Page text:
D32 bus driver saves choking child
The parents of a fourth grader are grateful for the quick actions of District 32 bus driver Sandy Sauer, who saved the boy’s life Tuesday morning.
Kimberly and Brian Weekly said their son Cameron, 9, boarded the bus with a piece of hard candy in his mouth.
"When he realized he still had the candy in his mouth, he went to the front of the bus to spit it in the trashcan," Mrs. Weekly said. "He took a breath, and the candy lodged in his airway.
“When Miss Sandy realized that Cameron was in distress, she patted his back and asked if he could breathe.”
When Cameron indicated that he could not breathe, Mrs. Sauer administered the Heimlich maneuver, eventually dislodging the candy. She radioed school, and continued on her route. Elementary nurse Tish Bell, RN, was waiting to examine Cameron as soon as they arrived at school.
“He was shaken up, but he was fine,” Mrs. Weekley said. “He told me that he guesses this why Miss Sandy doesn’t allow candy on the bus. He came home for the day, and rested, and was ready to go back to school on Tuesday.”
Cameron wasn’t the only one a bit shaken by Monday’s events.
“I’ve never had anything like this happen on my bus before,” said Mrs. Sauer. She has been driving for Perry County School District 32 for 5 years.
“I was calm until I unloaded all of my students, and then it really hit me what could have happened, and I cried,” she said. “I am just so relieved and so grateful that he’s ok.”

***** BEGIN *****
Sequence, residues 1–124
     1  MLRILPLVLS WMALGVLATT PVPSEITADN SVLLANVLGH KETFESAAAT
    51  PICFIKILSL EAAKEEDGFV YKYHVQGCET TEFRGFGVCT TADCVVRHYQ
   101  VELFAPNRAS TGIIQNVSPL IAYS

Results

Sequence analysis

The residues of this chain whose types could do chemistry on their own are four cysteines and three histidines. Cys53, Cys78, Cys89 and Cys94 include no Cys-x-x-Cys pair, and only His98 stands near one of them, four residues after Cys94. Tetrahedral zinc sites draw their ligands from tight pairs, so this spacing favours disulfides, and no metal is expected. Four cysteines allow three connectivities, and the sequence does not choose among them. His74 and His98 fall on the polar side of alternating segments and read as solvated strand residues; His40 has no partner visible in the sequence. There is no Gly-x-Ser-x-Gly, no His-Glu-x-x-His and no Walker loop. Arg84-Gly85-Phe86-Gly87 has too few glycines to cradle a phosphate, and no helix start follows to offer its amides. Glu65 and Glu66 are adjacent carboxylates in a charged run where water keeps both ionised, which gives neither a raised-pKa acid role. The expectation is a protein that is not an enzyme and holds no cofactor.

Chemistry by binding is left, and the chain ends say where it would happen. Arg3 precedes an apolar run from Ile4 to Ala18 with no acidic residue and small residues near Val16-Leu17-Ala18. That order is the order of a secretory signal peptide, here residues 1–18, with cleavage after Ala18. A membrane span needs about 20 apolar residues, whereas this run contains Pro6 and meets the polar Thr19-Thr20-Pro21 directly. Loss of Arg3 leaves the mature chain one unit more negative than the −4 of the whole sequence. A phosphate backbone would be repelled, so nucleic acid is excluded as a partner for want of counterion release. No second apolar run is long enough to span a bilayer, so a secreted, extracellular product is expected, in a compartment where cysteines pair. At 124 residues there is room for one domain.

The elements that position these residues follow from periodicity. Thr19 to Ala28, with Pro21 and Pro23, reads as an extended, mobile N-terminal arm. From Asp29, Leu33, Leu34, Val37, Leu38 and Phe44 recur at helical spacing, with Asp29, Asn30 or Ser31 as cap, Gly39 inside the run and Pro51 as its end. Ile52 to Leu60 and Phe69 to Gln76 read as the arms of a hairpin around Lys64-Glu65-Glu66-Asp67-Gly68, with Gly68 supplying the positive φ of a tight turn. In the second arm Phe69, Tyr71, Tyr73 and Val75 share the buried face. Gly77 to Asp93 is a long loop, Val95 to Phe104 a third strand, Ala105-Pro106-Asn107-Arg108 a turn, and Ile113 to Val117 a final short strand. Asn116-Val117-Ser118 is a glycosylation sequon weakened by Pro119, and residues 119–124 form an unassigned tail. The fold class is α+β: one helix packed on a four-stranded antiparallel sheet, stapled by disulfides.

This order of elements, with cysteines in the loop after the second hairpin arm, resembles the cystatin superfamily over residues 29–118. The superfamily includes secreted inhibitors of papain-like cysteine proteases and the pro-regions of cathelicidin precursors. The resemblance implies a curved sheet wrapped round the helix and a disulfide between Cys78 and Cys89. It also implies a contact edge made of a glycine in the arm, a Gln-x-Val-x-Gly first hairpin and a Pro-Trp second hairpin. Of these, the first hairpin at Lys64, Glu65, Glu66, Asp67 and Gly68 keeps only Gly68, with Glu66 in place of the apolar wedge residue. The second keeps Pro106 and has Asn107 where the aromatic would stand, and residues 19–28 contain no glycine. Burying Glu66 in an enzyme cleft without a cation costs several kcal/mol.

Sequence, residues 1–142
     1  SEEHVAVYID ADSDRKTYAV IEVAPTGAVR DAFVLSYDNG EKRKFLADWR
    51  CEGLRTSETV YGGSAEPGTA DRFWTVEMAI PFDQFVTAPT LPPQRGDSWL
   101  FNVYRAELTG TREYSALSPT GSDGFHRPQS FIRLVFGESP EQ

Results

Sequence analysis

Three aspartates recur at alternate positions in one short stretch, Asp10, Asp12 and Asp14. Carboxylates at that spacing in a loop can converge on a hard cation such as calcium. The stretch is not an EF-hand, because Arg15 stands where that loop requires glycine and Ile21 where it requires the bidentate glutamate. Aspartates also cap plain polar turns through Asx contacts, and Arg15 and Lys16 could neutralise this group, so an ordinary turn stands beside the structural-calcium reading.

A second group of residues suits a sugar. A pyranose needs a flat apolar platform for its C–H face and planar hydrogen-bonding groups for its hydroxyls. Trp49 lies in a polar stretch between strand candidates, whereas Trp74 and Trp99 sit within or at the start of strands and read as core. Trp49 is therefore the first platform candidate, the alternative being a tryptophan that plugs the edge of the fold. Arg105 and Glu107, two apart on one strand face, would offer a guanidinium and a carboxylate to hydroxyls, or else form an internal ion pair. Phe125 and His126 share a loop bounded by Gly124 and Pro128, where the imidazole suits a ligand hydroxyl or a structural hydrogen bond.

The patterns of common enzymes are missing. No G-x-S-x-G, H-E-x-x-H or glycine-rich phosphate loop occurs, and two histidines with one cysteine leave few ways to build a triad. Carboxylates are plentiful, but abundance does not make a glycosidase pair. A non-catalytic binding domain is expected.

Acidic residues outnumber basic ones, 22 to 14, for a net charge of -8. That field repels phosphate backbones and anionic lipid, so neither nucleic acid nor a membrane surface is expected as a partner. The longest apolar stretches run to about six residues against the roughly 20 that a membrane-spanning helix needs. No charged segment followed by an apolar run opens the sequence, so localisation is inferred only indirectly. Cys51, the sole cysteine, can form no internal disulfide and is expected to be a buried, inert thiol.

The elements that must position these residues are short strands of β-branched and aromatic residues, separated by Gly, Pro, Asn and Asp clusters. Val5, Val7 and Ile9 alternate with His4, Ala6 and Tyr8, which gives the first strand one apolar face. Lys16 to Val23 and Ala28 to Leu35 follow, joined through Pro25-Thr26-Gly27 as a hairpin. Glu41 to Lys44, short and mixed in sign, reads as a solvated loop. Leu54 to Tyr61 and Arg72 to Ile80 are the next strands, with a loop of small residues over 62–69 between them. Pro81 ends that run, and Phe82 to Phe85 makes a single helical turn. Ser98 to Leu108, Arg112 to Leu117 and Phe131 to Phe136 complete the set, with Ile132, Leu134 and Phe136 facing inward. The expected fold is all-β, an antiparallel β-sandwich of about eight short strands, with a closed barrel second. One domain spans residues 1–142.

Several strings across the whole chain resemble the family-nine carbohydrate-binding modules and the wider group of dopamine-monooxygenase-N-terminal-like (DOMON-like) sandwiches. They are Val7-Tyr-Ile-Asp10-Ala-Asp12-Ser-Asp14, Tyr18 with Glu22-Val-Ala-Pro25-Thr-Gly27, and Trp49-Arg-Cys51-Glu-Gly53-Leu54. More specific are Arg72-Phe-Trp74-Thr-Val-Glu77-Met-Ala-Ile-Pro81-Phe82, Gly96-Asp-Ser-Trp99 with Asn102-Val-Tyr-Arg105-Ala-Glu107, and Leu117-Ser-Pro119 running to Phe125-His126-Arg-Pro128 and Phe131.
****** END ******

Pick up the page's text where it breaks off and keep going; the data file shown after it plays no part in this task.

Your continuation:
Superintendent Andy Comstock credited Mrs. Sauer’s quick thinking and the training she and all district drivers undergo each year with averting a tragedy.
“We’re all proud of Sandy and her heroic efforts to protect a student in her care,” he said. “Our drivers are highly trained not just in transporting students, but in things like first aid and CPR. They prepare for the worst, and hope for the best. On Monday, Sandy faced the worst and allowed us to have the best possible outcome.”
On Wednesday morning, Cameron again boarded Miss Sandy’s bus, this time with a card and a hug.
"We're just so grateful that Miss Sandy was trained to know what to do and that she acted so quickly. She's been his driver since he started kindergarten, and we love her so much. We love her even more now. She saved our child."